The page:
I then noticed Rowe again. He had promised social services and police that he would not enter the house while the allegations were being investigated. I told the police. They interviewed eight staff who all said they were prepared to stand in court and say that the man I recognised was not Rowe, but a lookalike booked to entertain the residents for the day!
Over the next few days other Ealing residents started to tell me about the abuse they had suffered at the hands of Rowe and others. Ealing Social Services, along with Buckinghamshire Registration and Inspection (R&I) Unit and police agreed to move all six residents out in a covert operation on the following Monday morning.
I met several social workers in the golf club car park just down the road from the home. The police were also briefed and waiting. We had a legal letter authorising us to take away the six Ealing residents. When we entered the home the management became aggressive, abusive and threatening. Staff appeared from all directions to stop us, but when we informed them that police were waiting around the corner they backed off. We collected the residents and their belongings and took them to their new homes.
However, because Buckinghamshire R&I Unit resisted closing the homes not all other residents were moved out as expected. Nearly all placing authorities took the misguided line that, if Buckinghamshire wouldn’t move its residents, the residents must therefore be safe.
The reason for not closing the homes rested on the fear of the costs of being sued. The decision was also rooted in advice given to Clwyd Council over the Bryn Alyn children’s home that, despite uncovering serious abuse, the council “could risk losing its insurance cover if it released a report in which negligence was admitted”. The council also “had a legal duty (duty in trust) towards its electors and taxpayers who were first and foremost to look at its financial interests”. So Buckinghamshire had acted “legally”.
Nonetheless, those financial interests were later in shreds. In October 2003, the survivors were awarded more than £1m compensation; the police costs totalled £2.9m, and the costs to the health trusts and social services departments were an extra £1.9m a year.
Although criminal charges were brought, Rowe committed suicide a week before the month-long trial at Kingston Crown Court, and many residents and parents felt cheated by his departure. However, worse were the sentences handed down. Rowe’s wife, Angela, was sent to prison for two and a half years, while two former staff, Lorraine Field and Desmond Tully, received an 18- month jail sentence and a £750 fine respectively.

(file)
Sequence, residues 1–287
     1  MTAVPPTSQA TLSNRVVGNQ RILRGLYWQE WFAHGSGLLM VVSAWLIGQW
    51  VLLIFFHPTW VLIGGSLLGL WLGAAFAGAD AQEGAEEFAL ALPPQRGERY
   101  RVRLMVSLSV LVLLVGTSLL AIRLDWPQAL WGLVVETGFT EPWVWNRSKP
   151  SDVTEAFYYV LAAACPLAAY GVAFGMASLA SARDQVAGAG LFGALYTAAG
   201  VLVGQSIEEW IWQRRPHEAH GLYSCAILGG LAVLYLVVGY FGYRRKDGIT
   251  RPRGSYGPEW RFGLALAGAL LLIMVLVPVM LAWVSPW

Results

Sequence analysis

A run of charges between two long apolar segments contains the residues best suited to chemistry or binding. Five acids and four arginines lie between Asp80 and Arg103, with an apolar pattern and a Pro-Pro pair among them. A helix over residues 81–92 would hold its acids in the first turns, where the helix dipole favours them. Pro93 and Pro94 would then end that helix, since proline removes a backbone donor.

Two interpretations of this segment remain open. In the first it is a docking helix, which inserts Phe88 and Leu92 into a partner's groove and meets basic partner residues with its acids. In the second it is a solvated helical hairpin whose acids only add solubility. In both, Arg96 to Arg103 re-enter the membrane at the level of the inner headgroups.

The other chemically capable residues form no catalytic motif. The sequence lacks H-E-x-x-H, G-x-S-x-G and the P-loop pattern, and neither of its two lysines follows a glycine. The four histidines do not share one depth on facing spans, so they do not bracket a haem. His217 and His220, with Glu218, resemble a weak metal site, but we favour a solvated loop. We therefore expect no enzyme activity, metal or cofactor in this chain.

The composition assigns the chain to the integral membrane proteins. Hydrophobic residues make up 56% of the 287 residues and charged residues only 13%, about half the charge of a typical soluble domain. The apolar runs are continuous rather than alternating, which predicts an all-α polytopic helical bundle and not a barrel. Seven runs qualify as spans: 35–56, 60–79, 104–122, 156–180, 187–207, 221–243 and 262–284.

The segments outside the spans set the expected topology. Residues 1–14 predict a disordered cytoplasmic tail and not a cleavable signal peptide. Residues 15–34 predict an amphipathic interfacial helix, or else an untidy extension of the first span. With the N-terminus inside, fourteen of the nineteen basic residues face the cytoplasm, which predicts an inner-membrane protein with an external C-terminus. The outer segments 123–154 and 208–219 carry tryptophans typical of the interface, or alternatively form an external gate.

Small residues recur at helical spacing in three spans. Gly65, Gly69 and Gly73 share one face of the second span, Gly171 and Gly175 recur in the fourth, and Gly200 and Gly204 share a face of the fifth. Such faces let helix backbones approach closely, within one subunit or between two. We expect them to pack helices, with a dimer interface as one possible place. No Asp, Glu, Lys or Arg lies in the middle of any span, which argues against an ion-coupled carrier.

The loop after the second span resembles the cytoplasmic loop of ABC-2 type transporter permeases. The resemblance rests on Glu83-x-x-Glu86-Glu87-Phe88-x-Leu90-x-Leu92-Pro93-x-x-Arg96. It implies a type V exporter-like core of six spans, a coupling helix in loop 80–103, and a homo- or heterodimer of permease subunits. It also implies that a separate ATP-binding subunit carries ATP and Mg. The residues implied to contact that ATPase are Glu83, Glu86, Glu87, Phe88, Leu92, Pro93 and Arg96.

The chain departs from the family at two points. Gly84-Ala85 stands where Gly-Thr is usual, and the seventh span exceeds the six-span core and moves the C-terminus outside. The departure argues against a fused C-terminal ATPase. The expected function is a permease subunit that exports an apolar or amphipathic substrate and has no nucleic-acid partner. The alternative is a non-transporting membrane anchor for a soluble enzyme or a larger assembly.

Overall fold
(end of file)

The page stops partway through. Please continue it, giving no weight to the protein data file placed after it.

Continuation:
This was, at the time, the maximum sentence for abusing a disabled adult. The Longcare Inquiry made 95 recommendations, three of which, in part, led to the introduction of the Public Interest Disclosure Act 1998 (the whistle-blowing act), the Youth Justice and Criminal Justice Act 1999 (covering achieving best evidence) and the Sexual Offences Act 2003.
However, two significant recommendations have failed to make the desired impact. Although some local authorities are doing a sterling job appointing independent advocates for residents, generally the picture is bleak.
Similarly, little “pictorial or other advice” is being developed “for residents with learning difficulties explaining ‘complaint’ and what to do if they are unhappy or unsure about behaviour they experience”.
There is an urgent need for staff to be trained in communication systems such as Makaton, which has also developed an excellent abuse protection communication system. Indeed, you could argue that the failure of these recommendations ontributed to the continuation of the Cornwall abuse. Also, the same lack of urgency in response from local authorities and police when abuse allegations first surfaced in Buckinghamshire was repeated in Cornwall.
In fewer than 10 years have we really failed to learn the lessons of Longcare (and before that Ely)?
Many professionals I meet are unaware of the case, let alone what we can learn to prevent and expose institutional abuse.
How long before we forget Cornwall? And, once forgotten, will it take another scandal to jolt our memory?
*Not her real name - Grant Wetherall is a Senior Social Worker working in Northern Ireland. To contact him about this article go to Contact us page.
This article appeared in the 11th January issue under the headline “What was it all for?”